Paraffin sections were dewaxed, and rehydrated using xylene and successive ethanol baths. After extensive washes in phosphate-buffered saline (PBS), tissue sections were incubated with specific primary antibodies for 1 h at 37°C in a humidified atmosphere and then washed three times with PBS. For immunohistochemical studies, the following antibodies were used: α-smooth muscle actin (α-SMA) (1:100), neutrophil (1: 50), CK19 (1: 100), F4/80 (1: 75), HIF-1α (1: 50), vWF (1: 100), VEGFR1 (1: 100). Samples were incubated with peroxidase- or fluorescently-compound-conjugated secondary antibodies for 1 h at 37°C followed by extensive washes in PBS. Fluorescent images were visualised using a Zeiss LSM 510 META confocal fluorescence microscope (Carl Zeiss, Jena, Germany). The number of activated HSCs in the liver was estimated using double immunofluorescence staining with the anti-α-SMA and anti-desmin antibodies. Nuclear staining (blue fluorescence) was obtained by treating liver sections with 4,6-diamidino-2-phenylindole (DAPI)

Western blot analysis

Liver tissue was lysed with protease inhibitors in distilled water, and a Bio-Rad Rapid Coomassie kit was used to determine total protein concentration. In all, 60 μg of protein was run on a 10% SDS-polyacrylamide gel and transferred to a polyvinylidene difluoride membrane. Immunoblotting was performed with various mouse or rabbit monoclonal or polyclonal antibodies, followed by incubation with the appropriate secondary antibodies coupled with horseradish peroxidase. The blot was developed using a chemiluminescence system (ECL; Amersham, Piscataway, NJ) according to the manufacturer’s instructions. The optical densities of the bands were measured with a Model GS-700 Imaging Densitometer (Bio-Rad, Hercules, CA). β-actin was used as a loading control.

Reverse transcription-polymerase chain reaction (RT–PCR) assay

Total RNA was extracted from liver tissues using the guanidinium-phenol-chloroform method. Total RNA (5 μg) was reverse-transcribed as cDNA using RevertAidTM First Strand cDNA Synthesis Kit (Thermo Scientific, Waltham, MA) according to the manufacturer’s protocol. The single-stranded cDNA was amplified using Taq DNA polymerase kit (Thermo Scientific) and performed a set of denaturation at 95°C for 3 min and posterior to 30 cycles of amplification, a cycle contains at 95°C for 30 s, at 55°C for 30 s, and at 72°C for 30 s, then final extension was terminated at 72°C for 7 min. PCR products were separated by electrophoresis on 3% agarose gel and quantified by ImageQuant 5.2 software (Healthcare Bio-Sciences, Philadelphia, PA) software. The following primer sequences were used: HIF-1α, 5’-TCAAGTCAGCAACGTGGAAG-3’ (sense) and 5’-TATCGAGGCTGTGTCGACTG-3’ (antisense); Procollagen-I, 5’-TACTACCGGGCCGATGC-3’ (sense) and 5’-TCCTTGGGGTTCGGGCTGATGTA-3’ (antisense); Procollagen-III, 5’-CCCC TGGTCCCTGCTGTGG -3’ (sense) and 5’-GAGGCCCGGCTGGAAAGAA -3’ (antisense); GAPDH, 5’-CCCTTCATTGACCTCAACTACATGG -3’ (sense) and 5’-CATGGTGGTGAAGACGCCAG -3’ (antisense).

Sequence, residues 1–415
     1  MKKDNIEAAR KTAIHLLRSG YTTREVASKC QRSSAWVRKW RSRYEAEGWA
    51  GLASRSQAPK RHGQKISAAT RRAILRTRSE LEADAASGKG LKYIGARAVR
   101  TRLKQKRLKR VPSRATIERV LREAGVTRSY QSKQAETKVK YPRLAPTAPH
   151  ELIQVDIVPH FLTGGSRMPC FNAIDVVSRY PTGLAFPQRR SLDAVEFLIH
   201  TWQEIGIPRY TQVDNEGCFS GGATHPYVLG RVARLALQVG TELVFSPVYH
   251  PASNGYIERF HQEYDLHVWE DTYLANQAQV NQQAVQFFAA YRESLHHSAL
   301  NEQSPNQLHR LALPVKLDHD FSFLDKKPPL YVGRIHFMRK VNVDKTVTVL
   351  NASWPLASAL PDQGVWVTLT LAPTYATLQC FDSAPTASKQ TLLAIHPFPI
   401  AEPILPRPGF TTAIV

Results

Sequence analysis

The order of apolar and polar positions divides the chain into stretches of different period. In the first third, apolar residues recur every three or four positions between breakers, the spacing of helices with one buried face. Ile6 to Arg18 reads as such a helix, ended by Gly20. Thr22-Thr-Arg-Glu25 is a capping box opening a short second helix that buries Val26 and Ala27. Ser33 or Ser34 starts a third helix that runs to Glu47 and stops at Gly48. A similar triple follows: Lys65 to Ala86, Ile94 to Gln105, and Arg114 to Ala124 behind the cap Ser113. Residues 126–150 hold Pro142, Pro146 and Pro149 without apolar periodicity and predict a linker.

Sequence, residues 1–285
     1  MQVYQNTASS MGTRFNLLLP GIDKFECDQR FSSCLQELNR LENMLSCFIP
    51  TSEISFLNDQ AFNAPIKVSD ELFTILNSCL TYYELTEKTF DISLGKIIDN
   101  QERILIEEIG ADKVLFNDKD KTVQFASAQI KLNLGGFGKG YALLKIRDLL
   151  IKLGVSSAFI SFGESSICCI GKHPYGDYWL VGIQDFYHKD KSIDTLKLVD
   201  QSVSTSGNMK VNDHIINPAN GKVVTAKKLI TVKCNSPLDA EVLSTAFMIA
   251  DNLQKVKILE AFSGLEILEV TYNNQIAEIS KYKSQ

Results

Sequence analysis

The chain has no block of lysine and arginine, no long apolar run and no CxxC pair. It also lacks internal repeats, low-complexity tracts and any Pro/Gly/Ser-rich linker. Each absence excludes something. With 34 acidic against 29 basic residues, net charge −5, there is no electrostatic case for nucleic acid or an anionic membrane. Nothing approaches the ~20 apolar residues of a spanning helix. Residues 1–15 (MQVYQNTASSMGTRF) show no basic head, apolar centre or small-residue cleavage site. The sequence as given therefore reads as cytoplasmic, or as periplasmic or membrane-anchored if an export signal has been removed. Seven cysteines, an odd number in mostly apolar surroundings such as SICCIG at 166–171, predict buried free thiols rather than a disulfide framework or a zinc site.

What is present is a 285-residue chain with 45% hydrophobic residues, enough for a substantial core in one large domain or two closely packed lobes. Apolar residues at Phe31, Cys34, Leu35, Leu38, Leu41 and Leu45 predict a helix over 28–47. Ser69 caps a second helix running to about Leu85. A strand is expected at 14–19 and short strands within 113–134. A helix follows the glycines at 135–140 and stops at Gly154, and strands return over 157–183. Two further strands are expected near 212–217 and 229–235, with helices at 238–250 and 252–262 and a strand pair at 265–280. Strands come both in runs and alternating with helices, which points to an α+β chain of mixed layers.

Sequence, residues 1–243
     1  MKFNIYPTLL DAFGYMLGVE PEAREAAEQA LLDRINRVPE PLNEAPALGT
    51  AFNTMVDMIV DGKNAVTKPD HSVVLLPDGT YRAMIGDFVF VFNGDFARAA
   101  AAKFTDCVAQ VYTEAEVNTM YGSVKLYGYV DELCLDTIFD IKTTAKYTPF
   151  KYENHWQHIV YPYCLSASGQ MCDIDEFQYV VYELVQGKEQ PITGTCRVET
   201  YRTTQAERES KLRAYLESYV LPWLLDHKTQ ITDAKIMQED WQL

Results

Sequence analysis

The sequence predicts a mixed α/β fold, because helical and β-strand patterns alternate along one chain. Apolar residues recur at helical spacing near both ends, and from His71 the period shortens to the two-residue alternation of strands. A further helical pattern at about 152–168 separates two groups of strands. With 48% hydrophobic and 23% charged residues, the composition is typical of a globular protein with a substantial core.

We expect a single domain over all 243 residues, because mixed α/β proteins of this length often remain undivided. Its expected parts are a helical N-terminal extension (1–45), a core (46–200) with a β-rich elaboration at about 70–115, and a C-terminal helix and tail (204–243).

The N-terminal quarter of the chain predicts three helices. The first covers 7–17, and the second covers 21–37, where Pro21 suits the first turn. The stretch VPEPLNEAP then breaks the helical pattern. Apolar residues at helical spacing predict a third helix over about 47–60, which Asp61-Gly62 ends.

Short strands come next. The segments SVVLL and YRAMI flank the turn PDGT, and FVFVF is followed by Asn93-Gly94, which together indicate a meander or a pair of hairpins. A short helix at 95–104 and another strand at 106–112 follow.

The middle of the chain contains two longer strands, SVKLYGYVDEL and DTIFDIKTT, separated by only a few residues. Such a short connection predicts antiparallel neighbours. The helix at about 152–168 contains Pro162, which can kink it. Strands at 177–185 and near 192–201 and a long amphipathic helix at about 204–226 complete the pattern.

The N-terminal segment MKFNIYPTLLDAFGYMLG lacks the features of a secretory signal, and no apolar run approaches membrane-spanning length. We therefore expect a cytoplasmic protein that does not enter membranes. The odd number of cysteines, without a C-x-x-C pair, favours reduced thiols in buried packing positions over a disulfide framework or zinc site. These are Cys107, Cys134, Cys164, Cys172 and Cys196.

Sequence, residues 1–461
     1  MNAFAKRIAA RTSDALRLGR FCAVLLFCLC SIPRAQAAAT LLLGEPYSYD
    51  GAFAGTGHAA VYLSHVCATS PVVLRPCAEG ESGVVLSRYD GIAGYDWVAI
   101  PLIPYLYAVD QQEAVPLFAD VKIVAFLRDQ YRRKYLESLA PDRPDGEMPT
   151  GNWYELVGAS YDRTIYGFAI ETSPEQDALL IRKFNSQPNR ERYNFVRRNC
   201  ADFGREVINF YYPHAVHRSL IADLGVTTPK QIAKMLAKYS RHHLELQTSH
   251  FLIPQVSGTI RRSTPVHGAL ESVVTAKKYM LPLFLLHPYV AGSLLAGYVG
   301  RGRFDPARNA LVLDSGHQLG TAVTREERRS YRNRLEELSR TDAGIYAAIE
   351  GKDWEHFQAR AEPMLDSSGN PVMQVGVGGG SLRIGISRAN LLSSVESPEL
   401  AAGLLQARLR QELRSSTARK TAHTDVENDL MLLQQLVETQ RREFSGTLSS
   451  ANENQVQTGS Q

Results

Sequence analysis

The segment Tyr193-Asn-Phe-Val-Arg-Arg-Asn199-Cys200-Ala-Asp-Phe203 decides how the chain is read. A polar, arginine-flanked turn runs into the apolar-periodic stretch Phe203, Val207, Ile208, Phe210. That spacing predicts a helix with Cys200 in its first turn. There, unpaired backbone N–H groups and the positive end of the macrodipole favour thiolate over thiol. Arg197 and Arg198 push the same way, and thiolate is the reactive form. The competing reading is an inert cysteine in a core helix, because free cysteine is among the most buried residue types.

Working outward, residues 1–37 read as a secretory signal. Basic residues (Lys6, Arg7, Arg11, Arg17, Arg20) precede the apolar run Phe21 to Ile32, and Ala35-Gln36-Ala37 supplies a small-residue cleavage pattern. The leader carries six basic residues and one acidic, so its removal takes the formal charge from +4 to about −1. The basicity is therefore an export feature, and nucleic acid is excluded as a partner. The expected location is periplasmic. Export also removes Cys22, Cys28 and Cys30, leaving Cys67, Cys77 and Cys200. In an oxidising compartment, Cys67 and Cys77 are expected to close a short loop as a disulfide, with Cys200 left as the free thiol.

Statistical analysis

The results are expressed as means ± SEM. Statistical analysis was performed using a one-way analysis of variance followed by a Student–Newman–Keuls’ multiple-range test. A p value of < 0.05 was considered statistically significant.

Author contributions

Y.L. Leu and T.Y. Lee designed the study and C.K. Wen performed the experiments and analyzed the data. Y.L. Leu and T.Y. Lee wrote and edited the manuscript.


This study was supported by grants from the Ministry of Science and Technology, Taipei, Taiwan (MOST 102-2320-B182-015-MY3, 103-2320-B182-002-MY3 to T.Y. Lee.), and the Chang Gung Memorial Hospital, Taoyuan, Taiwan (CMRPD1A0621 to Y.L. Leu and CMRPD1D0351 and CMRPD1D0352 to T.Y. Lee.).


The authors declare no financial or commercial conflicts of interest to this study.